After analyzing a set of high-resolution satellite data, researchers have highlighted an unexpected drying up of Arctic lakes since the beginning of the 2000s. The results have been published in the journal Nature Climate Change on August 29.
In a recent article, we mentioned the particularly rapid warming of the Arctic with a rate of rise in temperature almost four times higher than that of the world average. This dazzling evolution of the polar climate has multiple consequences, some of which are only beginning to be identified by scientists. This is the case, for example, for the lakes that surround the Arctic basin, from Alaska to Siberia, via Canada and northern Europe.
An unexpected drying up of lakes in the Arctic
Over the past twenty years, these bodies of water, which are precious for local biodiversity and indigenous peoples, have dried up or even disappeared. This phenomenon is all the more surprising since scientists were rather expecting a growth of high latitude lakes in the context of global warming. And for good reason, we thought that the thawing of the permafrost would promote their filling. However, it is precisely the opposite that is happening.
The study shows that if the process supposed to increase the filling of the lakes is indeed present, it is more than compensated by a drainage mechanism. Thus, by increasing drainage and soil erosion, the thawing of permafrost ultimately contributes to reducing the lake surface area, which is expressed in some cases by the total disappearance of water bodies. Another astonishing fact: in addition to global warming, the increase in precipitation also drives this development.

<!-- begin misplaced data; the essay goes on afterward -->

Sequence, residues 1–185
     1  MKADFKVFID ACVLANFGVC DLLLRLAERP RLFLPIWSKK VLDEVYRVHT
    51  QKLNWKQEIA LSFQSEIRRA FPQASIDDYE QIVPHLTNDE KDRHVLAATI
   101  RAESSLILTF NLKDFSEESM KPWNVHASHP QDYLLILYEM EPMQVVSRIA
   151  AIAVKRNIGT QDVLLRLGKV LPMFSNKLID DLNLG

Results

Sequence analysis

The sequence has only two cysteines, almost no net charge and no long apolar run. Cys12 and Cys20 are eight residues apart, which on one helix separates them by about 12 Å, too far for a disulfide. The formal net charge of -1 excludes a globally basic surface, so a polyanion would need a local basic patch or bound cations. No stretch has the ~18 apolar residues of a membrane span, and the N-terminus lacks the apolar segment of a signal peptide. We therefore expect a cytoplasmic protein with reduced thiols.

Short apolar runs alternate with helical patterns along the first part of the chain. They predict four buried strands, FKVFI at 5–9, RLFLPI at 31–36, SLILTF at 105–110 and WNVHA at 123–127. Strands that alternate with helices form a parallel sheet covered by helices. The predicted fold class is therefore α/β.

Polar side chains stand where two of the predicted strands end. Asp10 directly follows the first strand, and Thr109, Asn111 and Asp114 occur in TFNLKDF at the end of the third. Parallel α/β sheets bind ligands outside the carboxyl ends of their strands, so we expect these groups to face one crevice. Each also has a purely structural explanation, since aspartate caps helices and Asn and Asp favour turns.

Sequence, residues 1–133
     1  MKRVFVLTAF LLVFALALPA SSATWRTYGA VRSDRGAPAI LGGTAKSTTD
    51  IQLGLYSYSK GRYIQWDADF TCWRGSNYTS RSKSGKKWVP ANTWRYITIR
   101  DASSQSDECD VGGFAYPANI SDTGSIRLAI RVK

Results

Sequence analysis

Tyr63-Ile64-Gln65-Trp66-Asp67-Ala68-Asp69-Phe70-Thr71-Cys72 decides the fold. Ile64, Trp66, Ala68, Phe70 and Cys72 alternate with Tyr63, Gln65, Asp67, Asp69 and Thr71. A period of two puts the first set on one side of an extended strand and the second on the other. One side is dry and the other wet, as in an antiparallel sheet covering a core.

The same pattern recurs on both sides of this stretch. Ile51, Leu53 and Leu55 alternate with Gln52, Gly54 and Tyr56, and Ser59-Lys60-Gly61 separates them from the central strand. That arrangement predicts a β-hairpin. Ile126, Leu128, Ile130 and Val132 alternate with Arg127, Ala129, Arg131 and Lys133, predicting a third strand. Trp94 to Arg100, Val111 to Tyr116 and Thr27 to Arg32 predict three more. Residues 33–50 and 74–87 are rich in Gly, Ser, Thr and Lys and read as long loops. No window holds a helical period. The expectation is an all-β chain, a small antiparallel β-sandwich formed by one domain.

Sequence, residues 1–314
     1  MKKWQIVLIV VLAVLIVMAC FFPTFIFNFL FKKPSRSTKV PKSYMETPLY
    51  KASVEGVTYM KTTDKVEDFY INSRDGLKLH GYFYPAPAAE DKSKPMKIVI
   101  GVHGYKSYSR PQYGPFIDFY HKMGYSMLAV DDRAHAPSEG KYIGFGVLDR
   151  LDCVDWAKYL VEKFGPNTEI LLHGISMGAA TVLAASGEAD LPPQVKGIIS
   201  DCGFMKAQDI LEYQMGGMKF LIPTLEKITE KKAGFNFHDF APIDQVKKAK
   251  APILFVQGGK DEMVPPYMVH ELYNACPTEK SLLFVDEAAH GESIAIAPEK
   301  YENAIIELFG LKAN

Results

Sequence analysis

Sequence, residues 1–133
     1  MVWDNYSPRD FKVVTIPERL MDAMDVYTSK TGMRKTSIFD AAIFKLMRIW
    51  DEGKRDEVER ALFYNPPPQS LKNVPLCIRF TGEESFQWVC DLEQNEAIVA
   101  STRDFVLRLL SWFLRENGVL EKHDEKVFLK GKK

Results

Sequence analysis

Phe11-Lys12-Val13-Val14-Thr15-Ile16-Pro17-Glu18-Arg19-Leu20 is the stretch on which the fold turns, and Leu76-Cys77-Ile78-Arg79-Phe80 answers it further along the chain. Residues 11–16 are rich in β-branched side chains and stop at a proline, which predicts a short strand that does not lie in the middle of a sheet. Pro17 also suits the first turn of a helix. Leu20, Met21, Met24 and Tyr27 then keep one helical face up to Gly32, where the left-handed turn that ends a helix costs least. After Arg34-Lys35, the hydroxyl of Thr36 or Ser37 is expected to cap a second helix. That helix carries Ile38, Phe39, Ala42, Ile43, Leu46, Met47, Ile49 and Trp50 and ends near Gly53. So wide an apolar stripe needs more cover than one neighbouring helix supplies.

” It may seem counterintuitive that increased precipitation reduces surface water “Reports Jeremy Lichstein, co-author of the study. ” However, it turns out that the physical explanation was already in the scientific literature. Rainwater carries heat through the ground and accelerates permafrost thaw, which can open underground channels that drain the surface “. In other words, the models used so far have clearly underestimated this process.
A sign of a rapid thaw, the impact of which remains to be determined
Given the astronomical amounts of carbon stored in frozen Arctic soils, the question arises whether this discovery implies a faster-than-expected permafrost thaw and therefore a higher risk of carbon dioxide releases or of methane to the atmosphere. ” Our results suggest that permafrost thaw is happening even faster than we collectively anticipated “, says Elizabeth E. Webb, lead author of the study.
As to whether the emptying and drying up of lakes can further amplify the rate of permafrost thaw or, on the contrary, temper it, scientists remain cautious. ” It’s unclear exactly what the ins and outs are, but we do know that expanding lakes cause carbon losses orders of magnitude higher than in surrounding regions. “, reports the researcher.
Anyway, to hope to slow this threatening evolution, there is only one solution: to reduce greenhouse gas emissions as quickly as possible, a trajectory that the world still does not seem to have taken. .